Are You a "Self Crack" Addict?

During my undergrad at Wilfrid Laurier, I would study in the quiet floor of the library.  It was dead quiet up there even though there were hundreds of students cramming for midterms and finals.

The only sounds I would hear was someone opening a drink, clearing their throat and cracking their own necks and back.

The distinctive popping/cracking sound is from air held within a capsule that surrounds the small facet joints in your spine.

This happens with their is separation from joint surfaces more than the current normal.

If you have ever been manually adjusted by me this is the same sound you hear and the same mechanism.

There is one major difference though.

When I adjust your spine, I’m looking for areas that are not moving correctly, and therefore we are attempting to increase the movement to restore proper function.  These areas can be tense and sore since there is inflammation from the lack of movement. It is good when these areas are adjusted and restore motion because if a joint lacks the normal movement it will continue to stiffen up and start to deteriorate over time and your symptoms will progress. This is called osteoarthritis.

On the other hand when you “self crack” the joints in your spine, it is achieved by making large movements to that particular part of the spine.  People that do this to their low back will twist around until they hear a pop. People that try with their neck will push on their chin into rotation or grab the top of their head and pull in hopes that something will give.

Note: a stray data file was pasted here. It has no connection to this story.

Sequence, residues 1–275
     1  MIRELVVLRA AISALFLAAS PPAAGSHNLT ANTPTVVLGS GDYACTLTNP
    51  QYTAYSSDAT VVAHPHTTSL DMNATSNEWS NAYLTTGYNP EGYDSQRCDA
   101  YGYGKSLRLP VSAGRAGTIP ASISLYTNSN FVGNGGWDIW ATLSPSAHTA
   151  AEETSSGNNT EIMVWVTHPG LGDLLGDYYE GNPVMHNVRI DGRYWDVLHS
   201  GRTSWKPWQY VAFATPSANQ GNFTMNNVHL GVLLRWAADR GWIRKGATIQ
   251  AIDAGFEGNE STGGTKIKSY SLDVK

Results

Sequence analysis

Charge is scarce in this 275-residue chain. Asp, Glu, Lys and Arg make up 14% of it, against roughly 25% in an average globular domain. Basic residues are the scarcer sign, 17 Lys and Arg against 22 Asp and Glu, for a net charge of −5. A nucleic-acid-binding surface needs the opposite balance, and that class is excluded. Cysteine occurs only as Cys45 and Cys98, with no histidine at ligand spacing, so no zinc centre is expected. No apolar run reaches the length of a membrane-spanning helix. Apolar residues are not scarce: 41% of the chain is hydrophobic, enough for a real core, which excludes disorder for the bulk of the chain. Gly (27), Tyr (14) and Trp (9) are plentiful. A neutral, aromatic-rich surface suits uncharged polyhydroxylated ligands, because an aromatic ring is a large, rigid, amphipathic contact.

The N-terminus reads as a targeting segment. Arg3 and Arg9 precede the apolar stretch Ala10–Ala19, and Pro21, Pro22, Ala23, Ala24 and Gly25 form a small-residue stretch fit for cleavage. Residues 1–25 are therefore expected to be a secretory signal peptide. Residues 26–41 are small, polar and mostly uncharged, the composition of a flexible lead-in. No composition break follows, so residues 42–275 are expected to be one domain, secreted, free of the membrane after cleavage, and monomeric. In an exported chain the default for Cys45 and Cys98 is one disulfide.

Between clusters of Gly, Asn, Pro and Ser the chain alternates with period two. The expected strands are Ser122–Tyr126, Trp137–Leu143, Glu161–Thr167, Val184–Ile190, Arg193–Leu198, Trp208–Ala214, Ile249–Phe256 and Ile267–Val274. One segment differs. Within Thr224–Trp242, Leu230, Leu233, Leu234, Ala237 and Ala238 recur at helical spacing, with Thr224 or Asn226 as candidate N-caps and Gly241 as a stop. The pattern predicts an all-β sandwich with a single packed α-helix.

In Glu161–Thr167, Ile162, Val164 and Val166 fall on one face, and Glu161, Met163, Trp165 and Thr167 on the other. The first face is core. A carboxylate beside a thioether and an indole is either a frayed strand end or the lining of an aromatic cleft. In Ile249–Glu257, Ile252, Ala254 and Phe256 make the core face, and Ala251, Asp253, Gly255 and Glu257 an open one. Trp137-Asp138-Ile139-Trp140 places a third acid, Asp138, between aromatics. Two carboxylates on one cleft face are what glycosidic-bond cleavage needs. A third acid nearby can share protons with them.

The way the joints work in the spine is each of them does a small amount of movement to create the large movement we see on the outside.  

When a joint becomes restricted and inflammed you will feel pain and stiffness which you try to get relief from self adjusting.  

I’d be lying if sometimes this didn’t seem to help, but the concern is by self cracking you will start to create more movements in the joints above and below the joint that is locked up.  In other words by cranking on your neck or back you are creating joints that are hypermobile (move too much and lack stability). This without a doubt will put more stress onto the joint surfaces, wear down the cartilage and create osteoarthritis in your future.

So next time you think to “self crack” think twice.